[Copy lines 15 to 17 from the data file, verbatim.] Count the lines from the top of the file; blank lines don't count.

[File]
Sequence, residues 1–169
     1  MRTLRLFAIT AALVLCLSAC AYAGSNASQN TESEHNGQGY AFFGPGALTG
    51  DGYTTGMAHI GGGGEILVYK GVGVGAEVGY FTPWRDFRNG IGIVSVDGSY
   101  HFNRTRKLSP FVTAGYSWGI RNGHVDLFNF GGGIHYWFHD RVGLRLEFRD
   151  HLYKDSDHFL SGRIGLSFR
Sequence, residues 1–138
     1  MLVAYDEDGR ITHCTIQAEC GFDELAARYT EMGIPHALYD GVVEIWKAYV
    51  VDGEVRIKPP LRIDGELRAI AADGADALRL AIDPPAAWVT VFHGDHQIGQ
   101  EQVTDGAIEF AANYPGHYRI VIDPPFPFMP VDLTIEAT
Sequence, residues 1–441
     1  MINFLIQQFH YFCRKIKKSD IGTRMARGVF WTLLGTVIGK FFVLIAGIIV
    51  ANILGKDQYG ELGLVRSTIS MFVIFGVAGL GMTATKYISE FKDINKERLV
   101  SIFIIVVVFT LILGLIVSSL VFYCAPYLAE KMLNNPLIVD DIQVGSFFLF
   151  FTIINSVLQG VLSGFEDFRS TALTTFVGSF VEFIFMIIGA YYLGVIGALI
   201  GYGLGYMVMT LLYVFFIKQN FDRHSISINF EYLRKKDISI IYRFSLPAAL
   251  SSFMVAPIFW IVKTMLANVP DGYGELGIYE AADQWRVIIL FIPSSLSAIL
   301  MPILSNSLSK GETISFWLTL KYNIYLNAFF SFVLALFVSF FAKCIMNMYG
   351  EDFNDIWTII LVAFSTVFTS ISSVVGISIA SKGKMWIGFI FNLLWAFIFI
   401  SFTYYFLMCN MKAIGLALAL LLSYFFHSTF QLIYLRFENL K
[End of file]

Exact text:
   201  GYGLGYMVMT LLYVFFIKQN FDRHSISINF EYLRKKDISI IYRFSLPAAL
   251  SSFMVAPIFW IVKTMLANVP DGYGELGIYE AADQWRVIIL FIPSSLSAIL
   301  MPILSNSLSK GETISFWLTL KYNIYLNAFF SFVLALFVSF FAKCIMNMYG